Remarkably, very little to complain about


Always, the gardener can find something, or many somethings to complain about. Certainly, there are a few perfect weeks, but then there’s every other day. If not the weather, which is only occasionally ideal, there are weeds, bugs, rabbits, deer, and snakes to disturb the paradise. Being of sturdy constitution, the gardener makes the best of less than ideal circumstances, and is thankful for each day.

Gordlinia approaches peak bloom with hardly a beetle in sight. If the shrubby tree flowers a few weeks earlier the white blooms are marred by Japanese beetles. Gordlinia is a hybrid between Franklinia and Gordonia. Until one was removed in failing health a few years ago, Franklinia bloomed earlier in the summer so that beetles were a constant presence.

After a brief period of typical Virginia heat in early summer,  mild temperatures and plentiful rainfall have prevailed in recent weeks. Severe storms have dumped buckets of rain, with a few washouts but otherwise quite welcomed, and a few days ago disaster was averted as a tornado veered a few miles to the north.

With abundant moisture and with few periods of extreme heat, the garden has not faded as expected in a typical summer. Yes, beebalms (Monarda didyma) are mildewed, and foliage of native dogwoods (below) is spotted (though no powdery mildew, a surprise in August), but that’s a pretty short list of grievances for August. Oh, there are tent caterpillars in one of the Winterberry hollies (Ilex verticillata), but this shouldn’t amount to much and there are no plans to do anything about this minor infestation.

Leaves of native dogwoods are spotted, but this is typical for summer and in mid August there is no sign of powdery mildew that frequently afflicts dogwoods. By mid September leaves will begin to turn to their autumn color, and spots will not be noticeable except close up.

With plenty of moisture, weeds are a constant aggravation, and particularly nutgrass in the damp rear garden. I don’t worry at all about it invading the small areas of lawn, but as soon as small clumps are removed from the edges of planting beds, there’s more the next day, and the next. There’s always something, but any weed is easier to pull in damp soil than when it’s dry, and at least it’s not blazing hot.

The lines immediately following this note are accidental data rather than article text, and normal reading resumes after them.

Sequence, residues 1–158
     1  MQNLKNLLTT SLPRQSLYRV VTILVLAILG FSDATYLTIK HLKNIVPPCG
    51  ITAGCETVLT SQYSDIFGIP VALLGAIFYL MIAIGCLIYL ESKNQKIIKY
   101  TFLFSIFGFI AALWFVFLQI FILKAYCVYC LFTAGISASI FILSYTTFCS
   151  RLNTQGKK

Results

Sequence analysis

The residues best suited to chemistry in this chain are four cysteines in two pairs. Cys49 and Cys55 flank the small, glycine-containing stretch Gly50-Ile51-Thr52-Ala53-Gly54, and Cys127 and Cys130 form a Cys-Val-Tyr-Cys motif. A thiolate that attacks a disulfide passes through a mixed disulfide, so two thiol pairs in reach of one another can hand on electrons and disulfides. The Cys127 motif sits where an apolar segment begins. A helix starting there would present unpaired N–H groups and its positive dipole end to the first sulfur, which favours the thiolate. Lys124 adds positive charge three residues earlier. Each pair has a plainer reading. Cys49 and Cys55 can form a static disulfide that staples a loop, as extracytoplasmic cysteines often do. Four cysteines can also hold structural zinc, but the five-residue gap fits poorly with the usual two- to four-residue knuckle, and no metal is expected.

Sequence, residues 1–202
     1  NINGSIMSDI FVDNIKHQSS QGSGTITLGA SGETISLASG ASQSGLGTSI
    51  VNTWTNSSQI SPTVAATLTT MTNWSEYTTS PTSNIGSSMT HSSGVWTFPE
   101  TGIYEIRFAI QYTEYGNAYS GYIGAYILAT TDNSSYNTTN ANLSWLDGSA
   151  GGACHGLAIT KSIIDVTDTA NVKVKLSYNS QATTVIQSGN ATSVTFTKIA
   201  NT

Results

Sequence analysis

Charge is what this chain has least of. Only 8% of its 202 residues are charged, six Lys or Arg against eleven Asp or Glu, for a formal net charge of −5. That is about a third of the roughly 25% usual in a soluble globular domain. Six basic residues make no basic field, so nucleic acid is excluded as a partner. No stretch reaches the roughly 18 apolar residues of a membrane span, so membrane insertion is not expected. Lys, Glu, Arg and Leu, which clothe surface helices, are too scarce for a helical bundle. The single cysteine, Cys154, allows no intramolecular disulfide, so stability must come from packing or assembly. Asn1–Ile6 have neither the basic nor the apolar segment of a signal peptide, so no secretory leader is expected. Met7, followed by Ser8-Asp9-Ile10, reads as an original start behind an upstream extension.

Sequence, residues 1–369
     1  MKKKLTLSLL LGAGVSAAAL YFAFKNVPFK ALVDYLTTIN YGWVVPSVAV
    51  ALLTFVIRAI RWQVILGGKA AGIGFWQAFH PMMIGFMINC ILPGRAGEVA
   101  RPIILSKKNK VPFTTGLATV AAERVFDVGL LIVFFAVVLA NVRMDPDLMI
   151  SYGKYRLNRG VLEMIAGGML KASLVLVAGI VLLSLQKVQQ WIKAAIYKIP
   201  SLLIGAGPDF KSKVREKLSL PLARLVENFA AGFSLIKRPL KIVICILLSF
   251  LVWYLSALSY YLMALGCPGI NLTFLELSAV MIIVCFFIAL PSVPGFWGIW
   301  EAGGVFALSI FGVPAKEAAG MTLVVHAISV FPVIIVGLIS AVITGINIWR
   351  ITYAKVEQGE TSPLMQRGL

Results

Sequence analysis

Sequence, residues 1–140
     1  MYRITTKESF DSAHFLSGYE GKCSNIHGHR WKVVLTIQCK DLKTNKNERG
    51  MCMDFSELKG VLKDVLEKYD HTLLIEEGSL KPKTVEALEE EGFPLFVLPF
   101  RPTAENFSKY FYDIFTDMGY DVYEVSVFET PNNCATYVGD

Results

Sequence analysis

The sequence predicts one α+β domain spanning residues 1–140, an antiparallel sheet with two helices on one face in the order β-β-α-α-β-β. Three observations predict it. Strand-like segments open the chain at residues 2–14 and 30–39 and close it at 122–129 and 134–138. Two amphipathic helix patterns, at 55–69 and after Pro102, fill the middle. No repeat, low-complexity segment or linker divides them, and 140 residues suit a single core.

Toad lilies are flowering on a typical schedule with Samurai flowering first, and others beginning to bloom. Peak flowering will be through September, with blooms often persisting into October.
Summer Ice daphne does not flower as heavily as its neighbor in the garden, Eternal Fragrance, but there will be scattered blooms from late March until frost.

2 Comments Add yours

  1. Tom and Lesley Mack says:

    We’ve got a Franlinia, but never heard of a Gordlinia or a Gordonia. Having trouble with our summer daphne slowly declining, turning brown bit by bit.

    1. Dave says:

      I stumbled upon a couple Gordlinias a few years ago when my Franklinia was having problems. Otherwise, I’ve never seen one for sale. I would prefer another Franklinia, but the spot where it was planted had become too damp, and there’s no space anywhere else for a tree. Still, if a larger size Franklinia had been available I would have found a spot for it. Gordlinia will become more of a very large shrub, though I keep lower branches pruned so it appears as a multi trunk small tree.

      Through somewhat limited experience I’ve found that daphnes prefer dry soil and full to part. A Carol Mackie in more shade, and in competition with sweetbox is slowly declining, while hybrids Summer Ice and Eternal Fragrance thrive in sunnier spots. I was surprised a few years ago when I planted a tiny Summer Ice, expecting it would be several before it grew to amount to much. By the end of summer it more than doubled in size.

Leave a Reply

Fill in your details below or click an icon to log in: Logo

You are commenting using your account. Log Out /  Change )

Twitter picture

You are commenting using your Twitter account. Log Out /  Change )

Facebook photo

You are commenting using your Facebook account. Log Out /  Change )

Connecting to %s